With its recent White Paper on Foreign Subsidies, the European Commission is seeking to strengthen control over subsidies from foreign states in the EU. The proposed new toolbox allows for ex-ante and ex-post control measures to intervene where foreign subsidies potentially distort the level playing field of the EU single market. If implemented, the new powers would heavily affect M&A transactions in the EU that are supported by foreign governments as well as the activities of foreign-subsidised companies operating in the EU.
This new push is in line with the Commission’s New Industry Policy agenda and follows the recently tightened EU rules on foreign direct investments that will enter into force in October 2020. Strengthening the level playing field in the EU single market is and will remain a top priority of the EU, as highlighted by Commissioner Vestager: “Europe’s economy is open and closely interlinked to the rest of the world. If this is to remain a strength, we must stay vigilant. […] The Single Market is key to Europe’s prosperity and it only works well if there is a playing field.”
On 17 June 2020, the European Commission (Commission) published its long-awaited White Paper on Foreign Subsidies in the Single Market (the White Paper) proposing new tools to control the activities and acquisitions of foreign-subsidised companies in the EU.1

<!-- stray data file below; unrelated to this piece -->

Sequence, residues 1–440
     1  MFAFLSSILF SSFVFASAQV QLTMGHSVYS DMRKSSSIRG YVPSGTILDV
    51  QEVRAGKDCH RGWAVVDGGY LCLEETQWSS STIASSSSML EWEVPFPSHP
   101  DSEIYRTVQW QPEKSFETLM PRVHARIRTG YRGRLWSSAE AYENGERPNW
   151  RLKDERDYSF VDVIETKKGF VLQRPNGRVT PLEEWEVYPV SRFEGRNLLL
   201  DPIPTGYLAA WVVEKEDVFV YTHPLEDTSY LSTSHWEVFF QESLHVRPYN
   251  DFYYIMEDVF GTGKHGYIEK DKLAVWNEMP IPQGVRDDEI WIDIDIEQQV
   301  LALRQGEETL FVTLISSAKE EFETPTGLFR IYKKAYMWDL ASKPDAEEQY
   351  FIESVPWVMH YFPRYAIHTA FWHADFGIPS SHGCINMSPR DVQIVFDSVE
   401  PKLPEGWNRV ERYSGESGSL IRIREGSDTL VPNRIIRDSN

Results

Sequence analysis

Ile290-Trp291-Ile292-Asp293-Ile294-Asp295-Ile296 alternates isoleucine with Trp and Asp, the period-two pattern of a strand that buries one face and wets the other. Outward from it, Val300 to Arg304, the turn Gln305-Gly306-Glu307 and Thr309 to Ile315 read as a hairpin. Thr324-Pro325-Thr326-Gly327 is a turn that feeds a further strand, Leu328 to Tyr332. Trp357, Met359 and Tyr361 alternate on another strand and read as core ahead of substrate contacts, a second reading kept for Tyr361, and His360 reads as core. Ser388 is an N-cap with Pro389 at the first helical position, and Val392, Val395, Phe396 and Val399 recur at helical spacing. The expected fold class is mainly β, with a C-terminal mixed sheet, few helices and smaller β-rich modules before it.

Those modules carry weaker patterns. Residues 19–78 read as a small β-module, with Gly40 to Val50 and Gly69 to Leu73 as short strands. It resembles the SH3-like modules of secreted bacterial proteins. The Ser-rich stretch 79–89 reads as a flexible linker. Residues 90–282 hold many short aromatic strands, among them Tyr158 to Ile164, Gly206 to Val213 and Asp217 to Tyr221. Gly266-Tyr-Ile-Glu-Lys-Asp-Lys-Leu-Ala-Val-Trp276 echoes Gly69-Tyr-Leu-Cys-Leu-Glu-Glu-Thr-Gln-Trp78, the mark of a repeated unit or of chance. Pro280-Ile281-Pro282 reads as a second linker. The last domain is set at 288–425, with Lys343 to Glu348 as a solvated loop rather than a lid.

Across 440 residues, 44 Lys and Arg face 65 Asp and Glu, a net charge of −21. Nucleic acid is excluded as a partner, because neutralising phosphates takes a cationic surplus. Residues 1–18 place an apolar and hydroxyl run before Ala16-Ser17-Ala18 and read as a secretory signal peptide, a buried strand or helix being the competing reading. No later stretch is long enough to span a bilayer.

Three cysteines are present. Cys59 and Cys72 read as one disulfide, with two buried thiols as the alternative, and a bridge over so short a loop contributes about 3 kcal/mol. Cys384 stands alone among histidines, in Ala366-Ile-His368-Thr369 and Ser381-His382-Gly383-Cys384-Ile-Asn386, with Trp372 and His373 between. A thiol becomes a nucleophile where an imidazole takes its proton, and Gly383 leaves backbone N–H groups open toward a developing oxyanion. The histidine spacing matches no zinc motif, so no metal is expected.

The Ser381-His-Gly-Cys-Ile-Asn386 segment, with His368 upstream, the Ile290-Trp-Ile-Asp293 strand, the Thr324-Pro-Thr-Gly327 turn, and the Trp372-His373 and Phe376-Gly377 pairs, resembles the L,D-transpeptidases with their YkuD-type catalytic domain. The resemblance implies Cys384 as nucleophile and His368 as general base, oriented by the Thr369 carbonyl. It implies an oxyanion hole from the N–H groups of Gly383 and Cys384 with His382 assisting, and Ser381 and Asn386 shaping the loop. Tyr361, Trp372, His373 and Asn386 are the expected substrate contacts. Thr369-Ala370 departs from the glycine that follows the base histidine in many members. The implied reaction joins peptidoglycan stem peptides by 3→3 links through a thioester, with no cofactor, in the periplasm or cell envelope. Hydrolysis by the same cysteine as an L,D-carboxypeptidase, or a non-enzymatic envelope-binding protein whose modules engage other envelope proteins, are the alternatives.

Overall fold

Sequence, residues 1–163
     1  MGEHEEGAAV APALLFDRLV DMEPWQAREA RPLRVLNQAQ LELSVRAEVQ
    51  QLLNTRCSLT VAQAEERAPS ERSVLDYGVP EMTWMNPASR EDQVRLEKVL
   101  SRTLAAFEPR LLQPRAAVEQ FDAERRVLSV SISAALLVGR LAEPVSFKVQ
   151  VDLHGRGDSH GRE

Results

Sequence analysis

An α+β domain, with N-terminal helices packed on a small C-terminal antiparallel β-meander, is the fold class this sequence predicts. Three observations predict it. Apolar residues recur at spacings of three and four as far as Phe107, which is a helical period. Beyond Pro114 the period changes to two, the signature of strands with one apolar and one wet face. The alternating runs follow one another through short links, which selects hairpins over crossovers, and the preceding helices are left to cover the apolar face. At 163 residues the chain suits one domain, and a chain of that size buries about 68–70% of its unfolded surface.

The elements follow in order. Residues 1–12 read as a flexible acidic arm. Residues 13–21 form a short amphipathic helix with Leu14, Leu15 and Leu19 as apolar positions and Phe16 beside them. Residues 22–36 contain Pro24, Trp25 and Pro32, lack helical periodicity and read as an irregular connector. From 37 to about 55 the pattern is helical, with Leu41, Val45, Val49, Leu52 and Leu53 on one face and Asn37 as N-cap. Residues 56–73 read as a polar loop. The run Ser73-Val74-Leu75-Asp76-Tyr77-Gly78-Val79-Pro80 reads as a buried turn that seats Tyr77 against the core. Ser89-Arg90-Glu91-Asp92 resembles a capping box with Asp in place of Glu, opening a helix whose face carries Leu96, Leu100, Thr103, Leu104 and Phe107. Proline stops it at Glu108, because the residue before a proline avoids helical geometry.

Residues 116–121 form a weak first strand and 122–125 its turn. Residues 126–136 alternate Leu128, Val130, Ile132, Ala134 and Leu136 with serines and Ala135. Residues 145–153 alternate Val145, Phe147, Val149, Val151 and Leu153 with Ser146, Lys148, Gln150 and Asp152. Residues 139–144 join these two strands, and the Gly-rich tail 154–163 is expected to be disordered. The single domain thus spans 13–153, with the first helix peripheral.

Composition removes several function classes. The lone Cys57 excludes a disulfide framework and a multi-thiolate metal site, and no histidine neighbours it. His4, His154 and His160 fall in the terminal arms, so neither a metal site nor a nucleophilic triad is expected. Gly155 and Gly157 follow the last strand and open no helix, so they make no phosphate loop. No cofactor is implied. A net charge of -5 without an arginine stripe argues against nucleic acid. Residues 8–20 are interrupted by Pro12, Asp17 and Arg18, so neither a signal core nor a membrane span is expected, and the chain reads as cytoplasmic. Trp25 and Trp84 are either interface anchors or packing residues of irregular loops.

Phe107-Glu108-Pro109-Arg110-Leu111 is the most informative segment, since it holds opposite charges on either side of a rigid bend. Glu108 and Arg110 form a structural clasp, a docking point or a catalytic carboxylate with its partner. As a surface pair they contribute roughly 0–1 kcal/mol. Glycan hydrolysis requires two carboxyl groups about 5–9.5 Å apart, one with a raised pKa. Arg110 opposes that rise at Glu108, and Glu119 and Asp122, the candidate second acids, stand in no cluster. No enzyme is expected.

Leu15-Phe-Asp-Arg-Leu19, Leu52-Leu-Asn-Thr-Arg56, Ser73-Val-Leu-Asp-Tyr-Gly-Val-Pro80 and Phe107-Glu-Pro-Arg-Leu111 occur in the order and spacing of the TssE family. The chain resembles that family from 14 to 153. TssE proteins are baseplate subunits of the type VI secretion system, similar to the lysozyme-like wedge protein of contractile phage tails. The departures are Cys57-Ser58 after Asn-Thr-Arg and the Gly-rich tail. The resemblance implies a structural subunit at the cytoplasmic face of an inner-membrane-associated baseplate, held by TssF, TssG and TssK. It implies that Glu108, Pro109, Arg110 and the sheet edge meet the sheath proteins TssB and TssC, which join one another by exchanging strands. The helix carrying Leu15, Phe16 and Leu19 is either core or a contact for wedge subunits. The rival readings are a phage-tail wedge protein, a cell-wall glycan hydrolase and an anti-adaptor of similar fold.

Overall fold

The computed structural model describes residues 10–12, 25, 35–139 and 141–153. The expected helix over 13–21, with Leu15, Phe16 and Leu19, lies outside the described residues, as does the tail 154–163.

The new tools comprise (i) a general (ex-post) control mechanism to review distortions caused by foreign subsidies to companies active in the EU; (ii) a mandatory (ex-ante) notification mechanism to review foreign-subsidised acquisitions of EU companies, including certain non-controlling minority investments; and (iii) adjustments to EU public procurement rules to exclude bidders benefitting from distortive foreign subsidies from public tenders in the EU. The White Paper also sets out a general approach to foreign subsidies in the context of EU funding.
If the current proposals were to become law, the new tools would have significant implications for foreign-subsidised companies operating in the EU and foreign investments in the EU that are financed by foreign subsidies. The Commission has opened a public consultation and invited stakeholders to give their views until 23 September 2020 with a view to publishing legislative proposals in the course of 2021.
Potential risks of foreign subsidies distorting the EU single market
The proposed new tools aim at strengthening the competitiveness and level playing field of the EU single market, one of the key policy objectives under the Commission’s New Industry Policy agenda.2 Although the new instruments will apply to subsidies from all non-EU governments, this initiative was pushed by the increasing concern amongst certain member states and the EU’s industrial sector that, without additional rules, EU companies would be significantly disadvantaged in their competitiveness vis-à-vis businesses supported by foreign subsidies, in particular from China.
Foreign subsidies can potentially distort the level playing field in the EU single market in several ways, by (i) supporting businesses active in the EU at the expense of more efficient and innovate operators; (ii) facilitating acquisitions of EU companies by allowing the subsidised buyers to outbid other bidders through excessive purchase prices; (iii) helping foreign companies to outbid rivals in public tenders by submitting bids at below market price or even below cost, allowing them to win public procurement contracts that they would otherwise not have been awarded; or (iv) enabling companies to unfairly obtain access to EU funding.